My ontological argument establishes (1). It establishes the existence, indeed the necessity, of at least one truth 'outside the mind.' But truths outside the mind might just be true Fregean propositions. Such items are truth-bearers but not truth-makers. So (2) does not straightaway follow from (1).
To get to (2), we need to introduce a truth-maker principle as supplementary premise. Discussions of truth-maker principles can be found in the Truth category.
The proprietor of Beyond Necessity has a post on objective reality which is directed against some New Age mumbo-jumbo. One of the commenters remarks, "Your argument for the existence of objective reality sounds very much like the ontological argument for God, and about as plausible." Ed, the proprietor, responds, ". . . the argument in no way resembles the logical form of the ontological argument."
What I will now do is present a sound ontological argument for objective reality. In so doing I will show that both proprietor and commenter are wrong. The latter because the argument is plausible; the former because it is ontological in form.
Definition. An ontological argument from mere concepts (aus lauter Begriffen, in Kant's famous phrase) is a ratiocinative procedure whereby the being instantiated of a concept is proven by sheer analysis of the concept. It is thus an argument in which one attempts to infer the existence of X from the concept X. For example, the existence of God from the concept God; the existence of a golden mountain from the concept golden mountain; the existence of objective reality from the concept objective reality. Concepts are mental items by definition. So a sound ontological argument will take us from thought to (extramental) being, in a manner to please Parmenides.
To mention a concept I use italics. Thus a word in italics refers to a concept.
1. We have and understand the concept the (total) way things are. It doesn't matter how we acquired this concept. We have it and we understand it. The way things are includes every fact, every obtaining state of affairs. So the way things are is equivalent to the world in Wittgenstein's sense: "Die Welt ist die Gesamtheit der Tatsachen, nicht der Dinge." (Tractatus 1.1) It is also equivalent to objective reality.
2. Now let us entertain the possibility that nothing answers to the concept the way things are, that the concept is not instantiated. We are thus to entertain the possibility that there is the concept in our minds but nothing to which it applies. We can formulate this possibility using the proposition *There is no objective reality.* Call this proposition P.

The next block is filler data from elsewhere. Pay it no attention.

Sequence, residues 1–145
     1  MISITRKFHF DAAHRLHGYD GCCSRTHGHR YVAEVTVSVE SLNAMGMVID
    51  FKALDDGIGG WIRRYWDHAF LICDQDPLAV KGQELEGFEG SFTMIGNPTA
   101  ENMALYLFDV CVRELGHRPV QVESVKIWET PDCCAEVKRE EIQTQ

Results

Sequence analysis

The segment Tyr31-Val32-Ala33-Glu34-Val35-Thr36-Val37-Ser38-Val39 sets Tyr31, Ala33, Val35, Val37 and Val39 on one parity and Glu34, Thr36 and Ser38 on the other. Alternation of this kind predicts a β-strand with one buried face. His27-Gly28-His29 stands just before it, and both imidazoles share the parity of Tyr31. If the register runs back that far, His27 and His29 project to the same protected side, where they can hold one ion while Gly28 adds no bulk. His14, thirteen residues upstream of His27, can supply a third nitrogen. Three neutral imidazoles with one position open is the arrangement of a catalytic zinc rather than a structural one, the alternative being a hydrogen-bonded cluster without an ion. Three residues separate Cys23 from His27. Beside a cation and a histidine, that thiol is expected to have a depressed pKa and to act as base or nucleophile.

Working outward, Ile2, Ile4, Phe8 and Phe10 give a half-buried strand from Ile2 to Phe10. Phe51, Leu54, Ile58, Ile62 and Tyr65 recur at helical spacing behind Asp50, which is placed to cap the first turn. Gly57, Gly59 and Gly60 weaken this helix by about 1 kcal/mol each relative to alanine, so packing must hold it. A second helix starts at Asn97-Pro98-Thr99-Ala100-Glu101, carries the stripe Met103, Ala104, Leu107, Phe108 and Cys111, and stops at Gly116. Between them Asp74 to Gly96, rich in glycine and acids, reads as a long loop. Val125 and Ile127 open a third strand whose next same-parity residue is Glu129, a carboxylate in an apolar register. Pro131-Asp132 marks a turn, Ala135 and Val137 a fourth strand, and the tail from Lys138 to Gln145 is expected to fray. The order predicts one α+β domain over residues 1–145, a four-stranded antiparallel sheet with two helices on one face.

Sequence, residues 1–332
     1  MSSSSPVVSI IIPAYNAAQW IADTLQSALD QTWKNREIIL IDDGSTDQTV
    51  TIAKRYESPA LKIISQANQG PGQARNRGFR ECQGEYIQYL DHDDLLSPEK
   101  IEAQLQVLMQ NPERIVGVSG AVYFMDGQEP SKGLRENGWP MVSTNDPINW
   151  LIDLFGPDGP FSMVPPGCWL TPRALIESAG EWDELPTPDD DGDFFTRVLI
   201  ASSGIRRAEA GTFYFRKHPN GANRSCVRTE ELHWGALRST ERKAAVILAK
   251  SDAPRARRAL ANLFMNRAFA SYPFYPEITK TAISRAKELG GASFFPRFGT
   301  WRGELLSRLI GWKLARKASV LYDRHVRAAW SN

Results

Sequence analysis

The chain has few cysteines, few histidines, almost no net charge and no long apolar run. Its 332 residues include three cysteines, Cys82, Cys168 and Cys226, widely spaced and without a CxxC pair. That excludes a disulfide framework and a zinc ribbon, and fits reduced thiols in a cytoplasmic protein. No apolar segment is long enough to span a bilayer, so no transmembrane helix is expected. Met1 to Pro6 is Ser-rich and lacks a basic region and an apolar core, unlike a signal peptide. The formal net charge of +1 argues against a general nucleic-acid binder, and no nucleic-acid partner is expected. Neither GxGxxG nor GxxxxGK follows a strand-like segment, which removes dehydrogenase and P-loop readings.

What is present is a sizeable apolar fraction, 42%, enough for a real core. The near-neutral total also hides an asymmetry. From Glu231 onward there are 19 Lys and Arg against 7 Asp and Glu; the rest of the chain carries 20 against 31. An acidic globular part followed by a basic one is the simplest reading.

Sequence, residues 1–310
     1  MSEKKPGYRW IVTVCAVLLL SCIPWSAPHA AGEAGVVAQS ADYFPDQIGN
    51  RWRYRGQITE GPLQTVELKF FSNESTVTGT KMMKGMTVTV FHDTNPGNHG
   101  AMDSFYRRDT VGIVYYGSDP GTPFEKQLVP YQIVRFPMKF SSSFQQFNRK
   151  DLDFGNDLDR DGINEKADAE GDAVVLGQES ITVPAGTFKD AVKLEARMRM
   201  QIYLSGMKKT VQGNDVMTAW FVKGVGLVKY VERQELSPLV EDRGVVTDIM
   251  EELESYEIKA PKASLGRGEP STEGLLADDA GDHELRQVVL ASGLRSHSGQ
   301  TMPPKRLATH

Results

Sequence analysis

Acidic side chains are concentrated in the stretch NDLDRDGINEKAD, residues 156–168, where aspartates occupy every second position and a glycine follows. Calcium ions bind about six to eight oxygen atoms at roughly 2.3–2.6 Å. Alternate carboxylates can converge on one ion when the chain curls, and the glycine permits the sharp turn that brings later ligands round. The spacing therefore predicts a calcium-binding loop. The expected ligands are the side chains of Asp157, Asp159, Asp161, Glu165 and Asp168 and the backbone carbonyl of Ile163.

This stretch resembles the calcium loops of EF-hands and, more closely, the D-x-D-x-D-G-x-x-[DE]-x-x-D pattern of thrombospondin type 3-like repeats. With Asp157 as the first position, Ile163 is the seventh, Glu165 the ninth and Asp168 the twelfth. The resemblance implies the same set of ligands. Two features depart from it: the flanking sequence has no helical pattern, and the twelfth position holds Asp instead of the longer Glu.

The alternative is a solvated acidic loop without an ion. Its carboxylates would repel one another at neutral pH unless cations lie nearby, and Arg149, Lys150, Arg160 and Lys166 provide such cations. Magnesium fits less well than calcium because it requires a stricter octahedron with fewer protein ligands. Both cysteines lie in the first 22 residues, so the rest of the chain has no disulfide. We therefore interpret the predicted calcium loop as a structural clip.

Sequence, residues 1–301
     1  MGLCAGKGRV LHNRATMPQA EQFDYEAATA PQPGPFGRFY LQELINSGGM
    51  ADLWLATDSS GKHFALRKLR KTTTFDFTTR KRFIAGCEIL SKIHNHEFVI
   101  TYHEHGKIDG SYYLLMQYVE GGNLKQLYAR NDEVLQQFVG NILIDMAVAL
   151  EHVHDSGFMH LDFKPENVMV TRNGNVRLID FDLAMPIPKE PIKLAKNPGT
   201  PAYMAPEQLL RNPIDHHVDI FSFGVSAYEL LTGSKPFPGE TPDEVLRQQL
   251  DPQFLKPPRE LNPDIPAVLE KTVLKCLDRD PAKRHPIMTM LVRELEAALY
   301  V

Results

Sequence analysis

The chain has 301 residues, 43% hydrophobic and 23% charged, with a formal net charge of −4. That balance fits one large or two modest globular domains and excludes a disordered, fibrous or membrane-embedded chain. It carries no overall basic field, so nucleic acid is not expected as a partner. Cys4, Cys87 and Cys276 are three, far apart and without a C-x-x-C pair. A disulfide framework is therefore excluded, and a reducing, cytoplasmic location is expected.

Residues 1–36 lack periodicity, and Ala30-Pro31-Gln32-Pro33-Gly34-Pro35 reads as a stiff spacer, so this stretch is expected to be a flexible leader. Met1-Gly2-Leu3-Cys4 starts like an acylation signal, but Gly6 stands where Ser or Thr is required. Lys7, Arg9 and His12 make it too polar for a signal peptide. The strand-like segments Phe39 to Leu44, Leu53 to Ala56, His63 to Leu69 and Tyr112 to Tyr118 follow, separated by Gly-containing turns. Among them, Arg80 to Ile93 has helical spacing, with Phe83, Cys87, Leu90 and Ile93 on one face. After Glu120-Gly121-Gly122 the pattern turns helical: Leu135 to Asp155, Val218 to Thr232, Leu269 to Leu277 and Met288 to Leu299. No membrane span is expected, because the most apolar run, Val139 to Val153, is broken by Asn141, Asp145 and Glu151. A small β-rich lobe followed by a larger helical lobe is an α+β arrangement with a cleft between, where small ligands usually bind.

3. Could P be true? If P is true, then P is true in objective reality: that is just what 'true' means. So if P is true, then it is true in objective reality that there is no objective reality. This is a contradiction. So we must conclude that If P is true, then P is false. And if P is false, then of course P is false. So, necessarily, P is false, which implies that its negation is not only true but necessarily true: it is necessarily true that there is objective reality. So by sheer analysis of the concept objective reality one can validly infer that there is objective reality. Here then is a case in which an ontological argument from mere concepts is sound.
4. Have I pulled a fast one? Not as far as I can see. I have merely analyzed the concept objective reality, teasing out an implication of the claim that the concept is not instantiated.
5. Response to the commenter. The commenter is right to appreciate that the above sort of reasoning is ontological and thus similar to the God proof found in Descartes' Meditation V and criticized famously by Kant. He is wrong, however, to think that the former reasoning is cogent if and only if the latter is.
6. Response to the proprietor. The proprietor is right, as against the commenter, when it comes to the cogency of the above sort of reasoning. But the commenter is wrong to fail to see that it is ontological reasoning in a clear sense of that term. It is a priori reasoning from thought to being, from concept to existence.
There are good reasons to introduce facts as truth-makers for contingently true atomic sentences. (Some supporting reasoning here.) But if there are facts, and they make-true contingent atomic sentences, then what is the semantic relation between these declarative sentences and their truth-makers? It seems we should say that such sentences name facts. But some remarks of Leo Mollica suggest that this will lead to trouble. Consider this aporetic triad: